Freedom in 'death spiral,' bankruptcy judge told
CHARLESTON, W.Va. --
A federal bankruptcy judge said a loan he tentatively approved during a hearing Tuesday would allow Freedom Industries to pay its employees and also pay to clean up a chemical leak into the Elk River earlier this month.
The coal-processing chemical known as Crude MCHM contaminated the West Virginia American Water system in Charleston and led officials to tell residents in nine counties not to drink, wash or cook with their water for days.
Freedom filed for Chapter 11 bankruptcy, which allows companies to reorganize under bankruptcy protection, on Friday. In Tuesday's hearing, U.S. Bankruptcy Judge Ronald Pearson called the case "one of the most unique Chapter 11 cases I've ever seen."
Freedom's president, Gary Southern, and chief financial officer, Terry Cline, testified at the hearing, which lasted a little more than six hours.
Southern told the judge, "Freedom Industries, from where I sit, is in a death spiral." Customers aren't buying from Freedom, he said, and suppliers aren't selling to them.
About 80 percent of Freedom's business is providing protection against freezing for coal, Southern testified Tuesday. The other 20 percent, which Southern called the chemistry business, includes the chemical that leaked into the Elk.
The company's busiest time is usually November through March, Southern said.
Cline said Freedom had already put $300,000 toward remediation of the spill, and told the judge the overall cost to the company might be $800,000. But Southern testified later that Freedom had already contributed $800,000 toward remediation costs.
Mark Freedlander, an attorney for Freedom, said company officials weren't willing Tuesday to discuss culpability for the chemical spill.
About an hour after Freedom filed for bankruptcy Friday, the company filed an emergency motion for "debtor-in-possession" (DIP) financing, which would allow it to secure a loan up to $5 million to continue to function in some capacity. The loan would, according to the filing, "provide additional liquidity to [Freedom] in order to allow it to continue as a going concern."
DIP lenders are often among the first agencies to get their money back from bankrupt companies.
Freedom's proposed DIP lender is WV Funding LLC, which was incorporated in West Virginia on Friday, the day Freedom filed bankruptcy.
WV Funding's one listed member is a company called Mountaineer Funding LLC. Mountaineer Funding also was founded Friday, according to filings with the Secretary of State's Office. There is also a space for Mountaineer Funding to sign on the DIP agreement.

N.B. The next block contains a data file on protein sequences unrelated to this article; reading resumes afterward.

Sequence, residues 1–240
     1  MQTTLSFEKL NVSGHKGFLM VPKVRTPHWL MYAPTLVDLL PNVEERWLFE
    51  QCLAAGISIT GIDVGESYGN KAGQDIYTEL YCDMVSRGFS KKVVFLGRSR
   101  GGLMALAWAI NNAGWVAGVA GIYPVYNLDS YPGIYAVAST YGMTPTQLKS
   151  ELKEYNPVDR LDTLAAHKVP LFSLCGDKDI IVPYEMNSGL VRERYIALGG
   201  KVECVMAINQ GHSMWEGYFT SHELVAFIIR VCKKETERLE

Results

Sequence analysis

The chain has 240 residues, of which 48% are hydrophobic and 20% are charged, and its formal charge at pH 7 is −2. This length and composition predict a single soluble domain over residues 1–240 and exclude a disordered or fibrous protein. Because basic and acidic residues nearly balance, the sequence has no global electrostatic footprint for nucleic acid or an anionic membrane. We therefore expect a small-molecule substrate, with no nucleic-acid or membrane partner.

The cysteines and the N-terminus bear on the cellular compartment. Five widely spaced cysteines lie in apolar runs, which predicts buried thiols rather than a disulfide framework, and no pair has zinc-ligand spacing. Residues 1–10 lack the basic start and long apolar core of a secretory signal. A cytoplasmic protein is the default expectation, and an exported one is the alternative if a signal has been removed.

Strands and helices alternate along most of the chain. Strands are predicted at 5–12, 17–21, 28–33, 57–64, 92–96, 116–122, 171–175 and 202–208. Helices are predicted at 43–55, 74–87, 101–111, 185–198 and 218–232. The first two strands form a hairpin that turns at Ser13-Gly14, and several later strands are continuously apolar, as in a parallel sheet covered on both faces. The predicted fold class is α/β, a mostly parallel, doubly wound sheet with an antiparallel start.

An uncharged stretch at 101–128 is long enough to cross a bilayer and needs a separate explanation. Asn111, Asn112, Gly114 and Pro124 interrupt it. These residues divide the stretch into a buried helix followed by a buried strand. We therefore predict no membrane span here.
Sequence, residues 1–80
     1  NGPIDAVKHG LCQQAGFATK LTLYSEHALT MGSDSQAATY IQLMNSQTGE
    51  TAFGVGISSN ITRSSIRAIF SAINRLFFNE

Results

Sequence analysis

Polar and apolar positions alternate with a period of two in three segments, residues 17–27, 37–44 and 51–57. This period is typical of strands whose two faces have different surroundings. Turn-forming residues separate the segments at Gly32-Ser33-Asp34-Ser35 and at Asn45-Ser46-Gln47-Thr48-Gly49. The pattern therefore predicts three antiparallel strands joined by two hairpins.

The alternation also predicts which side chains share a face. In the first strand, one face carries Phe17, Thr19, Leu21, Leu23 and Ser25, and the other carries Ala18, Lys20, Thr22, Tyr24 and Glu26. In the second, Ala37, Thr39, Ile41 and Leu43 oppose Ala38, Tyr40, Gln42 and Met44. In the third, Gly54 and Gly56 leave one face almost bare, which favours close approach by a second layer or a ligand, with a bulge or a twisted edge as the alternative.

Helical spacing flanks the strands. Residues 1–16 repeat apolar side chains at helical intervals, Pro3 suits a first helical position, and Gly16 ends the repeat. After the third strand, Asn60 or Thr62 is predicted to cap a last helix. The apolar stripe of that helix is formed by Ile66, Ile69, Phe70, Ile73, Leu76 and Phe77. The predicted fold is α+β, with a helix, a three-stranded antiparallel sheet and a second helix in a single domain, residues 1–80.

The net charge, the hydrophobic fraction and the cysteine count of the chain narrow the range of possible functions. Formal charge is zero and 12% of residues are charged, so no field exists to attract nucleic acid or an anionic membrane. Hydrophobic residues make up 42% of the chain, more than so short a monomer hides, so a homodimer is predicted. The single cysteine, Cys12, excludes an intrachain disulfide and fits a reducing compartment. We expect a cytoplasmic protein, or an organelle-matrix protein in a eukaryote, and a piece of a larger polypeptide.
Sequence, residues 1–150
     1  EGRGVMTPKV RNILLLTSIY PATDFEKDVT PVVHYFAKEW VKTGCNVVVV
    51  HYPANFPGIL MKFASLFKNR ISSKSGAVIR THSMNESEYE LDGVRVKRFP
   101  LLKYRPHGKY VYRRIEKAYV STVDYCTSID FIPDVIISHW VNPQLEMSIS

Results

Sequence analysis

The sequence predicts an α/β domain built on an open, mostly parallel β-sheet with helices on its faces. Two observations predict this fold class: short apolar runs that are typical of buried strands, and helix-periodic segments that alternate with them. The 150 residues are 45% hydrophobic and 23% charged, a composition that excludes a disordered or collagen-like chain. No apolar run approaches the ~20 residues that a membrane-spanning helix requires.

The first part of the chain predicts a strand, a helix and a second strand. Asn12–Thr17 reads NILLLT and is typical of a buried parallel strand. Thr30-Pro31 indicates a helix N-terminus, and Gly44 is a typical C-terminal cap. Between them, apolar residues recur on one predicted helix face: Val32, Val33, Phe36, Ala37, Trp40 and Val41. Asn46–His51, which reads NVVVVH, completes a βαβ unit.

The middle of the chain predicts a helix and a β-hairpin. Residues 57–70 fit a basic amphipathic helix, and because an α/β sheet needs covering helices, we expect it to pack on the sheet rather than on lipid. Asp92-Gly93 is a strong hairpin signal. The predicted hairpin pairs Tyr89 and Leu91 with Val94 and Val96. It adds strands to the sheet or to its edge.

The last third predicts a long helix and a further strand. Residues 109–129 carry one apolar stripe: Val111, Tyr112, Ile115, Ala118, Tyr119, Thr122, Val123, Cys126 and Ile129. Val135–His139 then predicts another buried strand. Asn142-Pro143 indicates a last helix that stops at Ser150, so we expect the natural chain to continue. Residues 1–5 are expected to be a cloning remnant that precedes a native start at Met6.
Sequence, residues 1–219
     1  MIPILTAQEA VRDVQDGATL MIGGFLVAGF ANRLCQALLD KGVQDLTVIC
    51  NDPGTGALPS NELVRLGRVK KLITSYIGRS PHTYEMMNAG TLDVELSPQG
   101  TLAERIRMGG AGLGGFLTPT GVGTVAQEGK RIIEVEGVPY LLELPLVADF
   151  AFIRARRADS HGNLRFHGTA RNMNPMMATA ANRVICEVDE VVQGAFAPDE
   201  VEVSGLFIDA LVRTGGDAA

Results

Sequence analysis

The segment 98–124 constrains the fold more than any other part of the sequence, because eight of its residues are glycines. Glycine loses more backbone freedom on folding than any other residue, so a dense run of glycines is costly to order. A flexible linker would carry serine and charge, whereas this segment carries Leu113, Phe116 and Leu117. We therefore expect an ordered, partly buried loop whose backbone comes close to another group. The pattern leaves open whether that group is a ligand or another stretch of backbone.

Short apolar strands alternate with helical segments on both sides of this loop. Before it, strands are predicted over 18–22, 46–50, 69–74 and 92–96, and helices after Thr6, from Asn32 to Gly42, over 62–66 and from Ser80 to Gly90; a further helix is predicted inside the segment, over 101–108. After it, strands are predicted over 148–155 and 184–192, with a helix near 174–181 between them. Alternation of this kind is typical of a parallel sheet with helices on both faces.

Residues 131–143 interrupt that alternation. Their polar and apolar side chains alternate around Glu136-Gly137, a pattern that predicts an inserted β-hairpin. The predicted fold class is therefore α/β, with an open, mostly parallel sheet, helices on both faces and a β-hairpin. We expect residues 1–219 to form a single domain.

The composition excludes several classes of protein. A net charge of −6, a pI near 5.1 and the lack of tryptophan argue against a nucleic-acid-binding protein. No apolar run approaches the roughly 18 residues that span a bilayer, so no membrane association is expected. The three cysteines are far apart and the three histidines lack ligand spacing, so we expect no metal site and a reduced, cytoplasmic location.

Mountaineer Funding's one listed member is J. Clifford Forrest -- whom Southern said in court Tuesday is also the owner of Chemstream Holdings, Freedom Industries' parent company.
In a filing Sunday, West Virginia American Water Co. asked the judge to deny Freedom Industries' request for a loan, which the water company said "smells of collusion."
The water company called Freedom's request a "loan to own scheme."
"Freedom seeks to stampede this court into irrevocable and improvident actions which will likely result in the selective dismemberment of the Debtor's business to the permanent and immeasurable detriment of its creditors," the water company's filing states.
In its bankruptcy filing, Freedom described the DIP agreement as being negotiated between the parties "in good faith and at arms-length." But the water company notes the fact that the DIP lender that owns Freedom isn't disclosed in the bankruptcy filings.
"The terms of the DIP facility would provide the lender with a lien on all of the Debtor's assets, a superiority claim, and the ability to foreclose selectively on the assets and take away the most valuable assets from the Debtor's estate, leaving behind only the toxic facilities and huge damage claims caused by the Freedom spill," the water company's filing states.
In documents filed Sunday, West Virginia American Water says it has been sued 23 times over Freedom's chemical leak. Because of that, the water company says, it is Freedom's "largest single creditor" in the bankruptcy case.
On Tuesday, the judge tentatively approved a modified DIP agreement for $4 million. The money is to pay Freedom's 51 employees, clean up the environment and pay back "critical vendors" that agree to continue supplying Freedom with products.
Freedom owes $3.6 million to its top 20 unsecured creditors, according to bankruptcy documents.
The loan, which WVAWC agreed to, wouldn't allow the DIP lender to have priority over liens. It does, however, allow the lender priority over administrative costs, like legal fees and insurance costs, the judge said.
A bankruptcy filing puts a temporary hold on all claims for a company to pay its debts. All of the lawsuits also are put on hold. The courtroom was packed Tuesday with attorneys representing plaintiffs in civil cases filed against Freedom.
The judge also approved a motion made this week by several of those attorneys to preserve evidence at Freedom's office. In a separate filing Monday, eight business owners in the Kanawha Valley filed an "adversary complaint," or a lawsuit within the bankruptcy, against Freedom Industries, Chemstream Holdings, Rosebud Mining Co., Gary Southern, J. Clifford Forrest and 99 unnamed individuals that acted with Freedom.
Reach Kate White at email@example.com or 304-348-1723.